I’m of course biased like there’s no tomorrow since I got this setup for almost three years now. But really, this is some proven technology and you really don’t want cutting-edge troublesome stuff in your livingroom, believe me. If you really still want a top-notch solution for your livingroom and as long as AMD’s socket A-platform has enough oomph for the rest of your wishes, it would still be a sensible choice to put such a system in your livingroom today. When you look around you can probably score this motherboard with a XP2400+ or faster for little money… Now one of the downpoints is, that, as far as I know, there still isn’t an open-source driver for the brilliant MCP-T which leaves you with Windows. But even though I’m not a big fan of the guys from Redmond, Windows Media Center works quite well. You could still consider building a Media Center system like mine today and still have lot’s of fun with that, cause one other thing, you also don’t want Vista so why buy hardware capable of running that? *^_^*
...and then… putting in the last mile in my own setup. Connecting it optically to get it theoretically sound.
This is the pin-header on the module.
...and this is on my motherboard…
Soooo, time to make my own cable!
You can remove these little black plastic blocks with a tiny screwdriver.
...and I glued two of them together to get a fitting model for the motherboard.
...and glued two other ones together to make a fitting model for the S/PDIF-module.
I only needed three wires, so I collected three of them of roughly the same length.
This is what goes on my motherboard.
Time to open up my Media Center!
...and the place where I can connect my homemade-cable…
Now this is how we want it. One big black box, good at shifting ones and zeroes and outputting it that way. In this case optically.
You see! it’s optical :-)
Now here goes the other end, into my Dolby Digital Decoder, it’s a Sony SDP-EP70, which is identical by the way to the SDP-EP90ES. (They only got different names cause they we’re sold as add-on to different amplifiers)
And tada! Dolby Digital all the time, from when I boot it, to when I shut it down. Even when there’s nothing to play, it keeps putting out an AC3-signal, with nothing on it of course. Imho this also is one advantage over other solutions. When your system would output DD only when there’s something to play, you have the disadvantage of your audio equipment having to home in to the signal every time (with an optional lag in that). In my case, my decoder even makes this click-clack sound when it recognizes a signal or when I switch from one signal to the other, so I’m very glad it only does this on boot-up.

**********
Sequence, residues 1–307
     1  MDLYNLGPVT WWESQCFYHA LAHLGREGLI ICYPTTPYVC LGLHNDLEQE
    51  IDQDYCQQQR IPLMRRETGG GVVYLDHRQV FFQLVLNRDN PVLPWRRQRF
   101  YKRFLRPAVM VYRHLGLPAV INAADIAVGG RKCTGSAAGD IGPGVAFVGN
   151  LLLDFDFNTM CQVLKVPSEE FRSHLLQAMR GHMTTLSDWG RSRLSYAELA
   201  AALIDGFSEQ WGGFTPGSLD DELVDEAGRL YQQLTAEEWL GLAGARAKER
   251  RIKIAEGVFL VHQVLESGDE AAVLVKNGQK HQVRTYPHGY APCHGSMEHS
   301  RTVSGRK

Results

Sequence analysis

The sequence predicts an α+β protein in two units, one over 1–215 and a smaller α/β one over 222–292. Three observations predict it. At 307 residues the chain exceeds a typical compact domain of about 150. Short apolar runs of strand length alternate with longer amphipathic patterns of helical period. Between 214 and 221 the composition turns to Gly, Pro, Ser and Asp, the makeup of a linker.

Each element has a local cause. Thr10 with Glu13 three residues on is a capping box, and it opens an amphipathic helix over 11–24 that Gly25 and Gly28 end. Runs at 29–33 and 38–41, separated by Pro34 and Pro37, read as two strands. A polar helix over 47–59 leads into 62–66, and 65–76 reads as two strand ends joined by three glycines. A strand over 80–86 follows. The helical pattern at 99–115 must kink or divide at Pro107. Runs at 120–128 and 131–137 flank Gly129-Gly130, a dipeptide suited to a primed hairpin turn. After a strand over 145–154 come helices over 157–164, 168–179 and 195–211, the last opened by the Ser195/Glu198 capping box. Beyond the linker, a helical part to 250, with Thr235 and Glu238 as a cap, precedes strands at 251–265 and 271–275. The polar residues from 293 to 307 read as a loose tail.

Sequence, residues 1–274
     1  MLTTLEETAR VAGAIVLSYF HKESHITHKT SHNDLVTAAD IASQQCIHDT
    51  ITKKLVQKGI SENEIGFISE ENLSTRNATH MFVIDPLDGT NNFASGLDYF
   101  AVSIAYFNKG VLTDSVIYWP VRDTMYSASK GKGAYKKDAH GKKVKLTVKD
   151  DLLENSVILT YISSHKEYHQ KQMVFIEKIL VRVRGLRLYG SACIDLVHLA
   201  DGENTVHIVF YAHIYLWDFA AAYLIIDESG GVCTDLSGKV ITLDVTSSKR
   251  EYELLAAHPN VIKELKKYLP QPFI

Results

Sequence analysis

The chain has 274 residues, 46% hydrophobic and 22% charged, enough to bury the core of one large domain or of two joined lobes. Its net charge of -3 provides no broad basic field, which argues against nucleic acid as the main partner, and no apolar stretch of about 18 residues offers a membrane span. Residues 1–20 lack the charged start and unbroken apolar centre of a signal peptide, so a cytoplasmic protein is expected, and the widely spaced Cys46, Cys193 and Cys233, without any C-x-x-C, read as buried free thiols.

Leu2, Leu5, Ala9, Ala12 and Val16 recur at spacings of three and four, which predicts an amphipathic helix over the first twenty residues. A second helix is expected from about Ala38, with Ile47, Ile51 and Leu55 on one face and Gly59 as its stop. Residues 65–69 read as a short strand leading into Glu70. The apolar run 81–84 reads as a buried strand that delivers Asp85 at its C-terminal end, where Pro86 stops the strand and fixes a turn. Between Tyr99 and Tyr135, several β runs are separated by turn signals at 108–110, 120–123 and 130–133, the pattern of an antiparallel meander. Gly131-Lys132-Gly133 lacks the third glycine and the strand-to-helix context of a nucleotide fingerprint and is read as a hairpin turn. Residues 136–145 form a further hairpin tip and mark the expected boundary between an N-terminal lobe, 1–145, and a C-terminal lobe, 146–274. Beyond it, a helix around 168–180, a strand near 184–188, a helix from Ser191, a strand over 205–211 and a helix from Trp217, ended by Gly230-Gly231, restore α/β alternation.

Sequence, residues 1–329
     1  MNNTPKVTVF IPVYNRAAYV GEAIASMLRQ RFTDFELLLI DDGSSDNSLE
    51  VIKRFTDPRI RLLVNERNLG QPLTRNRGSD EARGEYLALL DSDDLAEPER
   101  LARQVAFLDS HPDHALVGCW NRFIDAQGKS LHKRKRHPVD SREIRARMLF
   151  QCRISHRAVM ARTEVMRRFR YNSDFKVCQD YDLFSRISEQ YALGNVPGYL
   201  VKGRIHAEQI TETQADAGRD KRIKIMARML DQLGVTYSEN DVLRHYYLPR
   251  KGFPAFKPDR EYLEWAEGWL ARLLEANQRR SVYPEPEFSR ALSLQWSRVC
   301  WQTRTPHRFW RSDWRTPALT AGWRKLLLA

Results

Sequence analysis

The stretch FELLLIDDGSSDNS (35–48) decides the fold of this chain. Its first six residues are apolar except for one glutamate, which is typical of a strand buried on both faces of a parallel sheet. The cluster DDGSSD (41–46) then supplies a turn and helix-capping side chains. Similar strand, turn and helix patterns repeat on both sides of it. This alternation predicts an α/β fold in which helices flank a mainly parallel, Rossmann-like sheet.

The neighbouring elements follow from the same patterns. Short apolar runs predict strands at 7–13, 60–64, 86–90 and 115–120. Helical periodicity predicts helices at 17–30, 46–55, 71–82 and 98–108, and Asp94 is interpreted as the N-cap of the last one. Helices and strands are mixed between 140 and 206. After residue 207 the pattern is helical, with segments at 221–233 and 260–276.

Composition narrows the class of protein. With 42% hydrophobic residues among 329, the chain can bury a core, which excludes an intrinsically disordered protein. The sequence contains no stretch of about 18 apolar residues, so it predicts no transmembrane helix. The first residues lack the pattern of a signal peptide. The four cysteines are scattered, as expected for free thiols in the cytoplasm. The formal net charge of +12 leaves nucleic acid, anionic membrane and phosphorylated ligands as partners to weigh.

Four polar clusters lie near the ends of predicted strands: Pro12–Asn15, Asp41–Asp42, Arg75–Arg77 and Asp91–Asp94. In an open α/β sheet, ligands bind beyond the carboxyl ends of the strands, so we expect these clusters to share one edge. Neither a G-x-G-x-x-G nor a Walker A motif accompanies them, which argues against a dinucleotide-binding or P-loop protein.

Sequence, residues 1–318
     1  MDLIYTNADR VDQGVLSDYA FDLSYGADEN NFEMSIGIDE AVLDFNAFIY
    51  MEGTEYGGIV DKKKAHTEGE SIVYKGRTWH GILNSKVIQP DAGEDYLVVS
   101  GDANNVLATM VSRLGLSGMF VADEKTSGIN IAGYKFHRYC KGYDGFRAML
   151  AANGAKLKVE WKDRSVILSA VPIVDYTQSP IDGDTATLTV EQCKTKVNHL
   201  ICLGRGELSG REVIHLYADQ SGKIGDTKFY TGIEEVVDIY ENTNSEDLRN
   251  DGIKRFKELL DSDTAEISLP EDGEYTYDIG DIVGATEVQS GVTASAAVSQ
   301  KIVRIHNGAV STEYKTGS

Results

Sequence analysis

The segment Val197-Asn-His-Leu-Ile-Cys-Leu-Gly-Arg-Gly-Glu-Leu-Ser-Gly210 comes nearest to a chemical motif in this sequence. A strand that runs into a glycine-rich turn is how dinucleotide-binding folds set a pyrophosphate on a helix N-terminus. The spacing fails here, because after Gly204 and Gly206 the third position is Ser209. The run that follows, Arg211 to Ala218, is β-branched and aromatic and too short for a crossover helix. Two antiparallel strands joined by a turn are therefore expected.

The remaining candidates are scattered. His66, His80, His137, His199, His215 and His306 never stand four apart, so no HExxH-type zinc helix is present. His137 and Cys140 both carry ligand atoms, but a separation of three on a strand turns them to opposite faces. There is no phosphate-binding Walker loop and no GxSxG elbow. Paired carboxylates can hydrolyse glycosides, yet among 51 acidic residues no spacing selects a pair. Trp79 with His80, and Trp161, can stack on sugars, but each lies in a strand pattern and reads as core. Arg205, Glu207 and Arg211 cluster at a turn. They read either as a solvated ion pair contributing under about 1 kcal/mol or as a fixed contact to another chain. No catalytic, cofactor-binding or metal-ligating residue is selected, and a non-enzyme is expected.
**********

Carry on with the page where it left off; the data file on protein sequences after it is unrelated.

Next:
The output from the decoder (and yes, I could use some better interconnects…)
...and the output from my amps. I’ve got two NAD 916’s, all bridged, so in total I’ve got six separate amplified channels of 90W each. (And that’s 90W rated by NAD, that’s something else than 90W from some computerspeaker-manufacturer…)
Oh, the cable you see is my home-made braided CAT5 speakercable.
Top view, here you can clearly see the six separate amplifiers, even with six separate power supplies(!) In fact these are six mono-blocks, but in two cases, not six.
And the overview… The screen you see is from my ancient video projection system. And at this moment I haven’t connected those monstrous UPS’s but at a certain point in time, I will. So yes, I will run this setup of those UPS’s which is another audiophile-theory I normally wouldn’t spend a dime on, but since I found myself having this equipment, I will :D
Sooo, this is it! There’s still plenty of room for improvement of course. I’ve been thinking about getting a Harman/Kardon receiver with Lexicon’s Logic7. Idea is/was to connect my current NAD’s through the pre-outs on the Harman/Kardon cause I really don’t want seven channels of audio powered of one power supply ^_^
But, I guess I can better start saving money to finally upgrade my speakers, although my front speakers are still doing their job great.
We’ll see where we go from here…
*^_^*As mentioned in the Message from Mark's family this site has been made static. This means that it will be no longer possible to comment on his ideas and projects, but that we all can continue to cherish his creativity.
you can find all of my projects overhere